Sen. Bill Ketron, lead sponsor of the wine-in-grocery-stores bill in the Senate, tells TNReport that he plans to strip all amendments from the measure before seeking passage next session, leaving the basic bill to simply authorize local referendums on whether or not to permit wine sales in supermarkets.
As of mid-April, when the bill was last discussed before being shelved for the year, it’d picked up eight amendments through the Senate’s committee system.
Among the add-ons were stipulations on how the state will handle new tax revenues it collects through wine sales, descriptions of stores besides liquor retailers potentially eligible to sell wine, a loosening of regulations governing liquor-store ownership and an item-by-item listing of products in addition to booze that retail liquor outlets could in the future sell.
Ketron, the Senate’s Republican caucus chairman, told TNReport that stripping SB837 of amendment pulp will “get down to the nuts-and-bolts basics of that bill, which is to vote yes or no to allow people to have a referendum,” he said.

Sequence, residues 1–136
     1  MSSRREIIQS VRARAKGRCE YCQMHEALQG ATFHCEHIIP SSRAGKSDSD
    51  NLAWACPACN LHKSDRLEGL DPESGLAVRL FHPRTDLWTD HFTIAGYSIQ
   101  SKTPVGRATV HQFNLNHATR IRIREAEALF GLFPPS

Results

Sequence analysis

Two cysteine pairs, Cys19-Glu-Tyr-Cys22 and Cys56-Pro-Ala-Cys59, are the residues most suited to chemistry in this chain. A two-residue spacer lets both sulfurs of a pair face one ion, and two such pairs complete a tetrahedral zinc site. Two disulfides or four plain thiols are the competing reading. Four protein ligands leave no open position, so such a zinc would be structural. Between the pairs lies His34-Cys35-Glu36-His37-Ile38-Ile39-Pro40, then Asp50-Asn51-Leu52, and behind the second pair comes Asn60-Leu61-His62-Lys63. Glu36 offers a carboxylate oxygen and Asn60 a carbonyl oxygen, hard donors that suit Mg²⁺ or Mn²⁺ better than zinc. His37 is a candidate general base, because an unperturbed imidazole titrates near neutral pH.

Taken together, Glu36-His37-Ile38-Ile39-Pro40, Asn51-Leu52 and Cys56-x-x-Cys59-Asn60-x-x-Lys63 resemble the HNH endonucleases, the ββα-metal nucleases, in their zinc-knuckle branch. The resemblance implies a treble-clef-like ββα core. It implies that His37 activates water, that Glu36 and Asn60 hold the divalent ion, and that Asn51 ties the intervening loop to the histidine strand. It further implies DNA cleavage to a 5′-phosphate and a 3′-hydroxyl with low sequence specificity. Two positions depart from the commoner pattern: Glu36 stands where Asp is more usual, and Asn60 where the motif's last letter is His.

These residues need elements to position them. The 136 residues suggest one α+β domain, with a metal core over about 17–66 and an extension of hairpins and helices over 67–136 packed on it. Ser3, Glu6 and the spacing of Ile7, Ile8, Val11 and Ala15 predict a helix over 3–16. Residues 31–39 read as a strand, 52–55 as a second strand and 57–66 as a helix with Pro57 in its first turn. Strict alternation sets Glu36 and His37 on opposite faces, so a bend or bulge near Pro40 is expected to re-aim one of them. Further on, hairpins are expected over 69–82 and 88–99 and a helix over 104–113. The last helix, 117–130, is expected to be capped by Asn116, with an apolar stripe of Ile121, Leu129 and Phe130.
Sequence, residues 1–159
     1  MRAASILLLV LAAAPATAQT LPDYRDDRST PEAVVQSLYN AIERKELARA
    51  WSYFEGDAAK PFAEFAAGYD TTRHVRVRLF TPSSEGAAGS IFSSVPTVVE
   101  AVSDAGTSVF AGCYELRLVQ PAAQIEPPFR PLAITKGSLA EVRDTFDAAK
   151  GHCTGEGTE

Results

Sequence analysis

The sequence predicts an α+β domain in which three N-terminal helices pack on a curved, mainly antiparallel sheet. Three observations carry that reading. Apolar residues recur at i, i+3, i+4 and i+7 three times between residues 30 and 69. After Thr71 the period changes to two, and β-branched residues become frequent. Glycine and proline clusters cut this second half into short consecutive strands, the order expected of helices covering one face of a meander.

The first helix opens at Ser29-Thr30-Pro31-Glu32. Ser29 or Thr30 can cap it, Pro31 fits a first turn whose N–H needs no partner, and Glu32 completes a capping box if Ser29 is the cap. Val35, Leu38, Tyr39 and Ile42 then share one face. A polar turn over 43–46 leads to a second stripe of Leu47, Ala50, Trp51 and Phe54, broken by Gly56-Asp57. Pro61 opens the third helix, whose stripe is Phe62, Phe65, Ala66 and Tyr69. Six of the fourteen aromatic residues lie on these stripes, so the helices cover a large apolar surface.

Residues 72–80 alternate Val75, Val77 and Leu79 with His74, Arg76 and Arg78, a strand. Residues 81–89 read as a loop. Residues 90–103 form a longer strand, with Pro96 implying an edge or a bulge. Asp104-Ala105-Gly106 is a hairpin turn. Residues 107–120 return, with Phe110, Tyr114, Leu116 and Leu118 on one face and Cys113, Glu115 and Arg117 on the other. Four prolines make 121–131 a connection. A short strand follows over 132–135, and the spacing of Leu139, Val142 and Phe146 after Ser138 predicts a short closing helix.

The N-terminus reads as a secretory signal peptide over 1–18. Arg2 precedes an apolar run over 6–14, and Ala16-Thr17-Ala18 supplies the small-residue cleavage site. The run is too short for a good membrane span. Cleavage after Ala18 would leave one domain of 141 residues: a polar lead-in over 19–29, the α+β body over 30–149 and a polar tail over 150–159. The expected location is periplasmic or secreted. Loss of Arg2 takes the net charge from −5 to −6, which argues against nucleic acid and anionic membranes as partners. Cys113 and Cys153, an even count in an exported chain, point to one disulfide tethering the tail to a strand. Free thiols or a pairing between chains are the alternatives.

The “whole issue,” said Ketron, is the question of who decides. “It’s not about wine in grocery stores, but allowing the people to say they want to be able to vote.”
“If they want it, then they should be allowed to say that — for the same reason that retail stores are in place, through referendum in every community,” Ketron said. “And also, liquor-by-the-drink was by referendum. So that is how we got there on those two and this will be the third, wine in grocery stores.”
As to the extra items, some of which are conceived as trade-offs to help ease the transition for liquor stores, Ketron said he’ll advocate that lawmakers “decorate the Christmas tree on a second bill.”
Ketron said he’s pretty confident the “yes” votes are in place to pass a wine-in-groceries measure in both chambers of the Legislature, but the Senate is going to take the lead.
Sen. Bill Ketron, who is sponsor of the lead wine-in-grocery-stores bill in the Senate, is tells TNReport that he plans to strip all amendments from the measure before seeking passage next session, leaving the basic bill to simply authorize local referendums on whether or not to permit wine sales in supermarkets.
Note: See also Robert Houk’s weekly column, wherein the lead lobbyist for wine in grocery stores says Rep. Jon Lundberg, R-Bristol, will continue to serve as House sponsor of the bill next year… and Houk offers some commentary.